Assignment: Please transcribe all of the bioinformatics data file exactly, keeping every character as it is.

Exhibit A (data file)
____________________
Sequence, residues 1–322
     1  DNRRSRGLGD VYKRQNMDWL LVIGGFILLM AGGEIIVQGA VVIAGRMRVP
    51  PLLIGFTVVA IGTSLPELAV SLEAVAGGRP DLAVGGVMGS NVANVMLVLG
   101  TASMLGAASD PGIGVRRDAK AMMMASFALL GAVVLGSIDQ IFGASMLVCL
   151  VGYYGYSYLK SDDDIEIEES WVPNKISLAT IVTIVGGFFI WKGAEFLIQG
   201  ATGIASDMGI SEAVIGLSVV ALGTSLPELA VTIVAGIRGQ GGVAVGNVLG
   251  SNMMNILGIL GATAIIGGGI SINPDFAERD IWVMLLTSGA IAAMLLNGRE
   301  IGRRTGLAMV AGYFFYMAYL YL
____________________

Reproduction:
Sequence, residues 1–322
     1  DNRRSRGLGD VYKRQNMDWL LVIGGFILLM AGGEIIVQGA VVIAGRMRVP
    51  PLLIGFTVVA IGTSLPELAV SLEAVAGGRP DLAVGGVMGS NVANVMLVLG
   101  TASMLGAASD PGIGVRRDAK AMMMASFALL GAVVLGSIDQ IFGASMLVCL
   151  VGYYGYSYLK SDDDIEIEES WVPNKISLAT IVTIVGGFFI WKGAEFLIQG
   201  ATGIASDMGI SEAVIGLSVV ALGTSLPELA VTIVAGIRGQ GGVAVGNVLG
   251  SNMMNILGIL GATAIIGGGI SINPDFAERD IWVMLLTSGA IAAMLLNGRE
   301  IGRRTGLAMV AGYFFYMAYL YL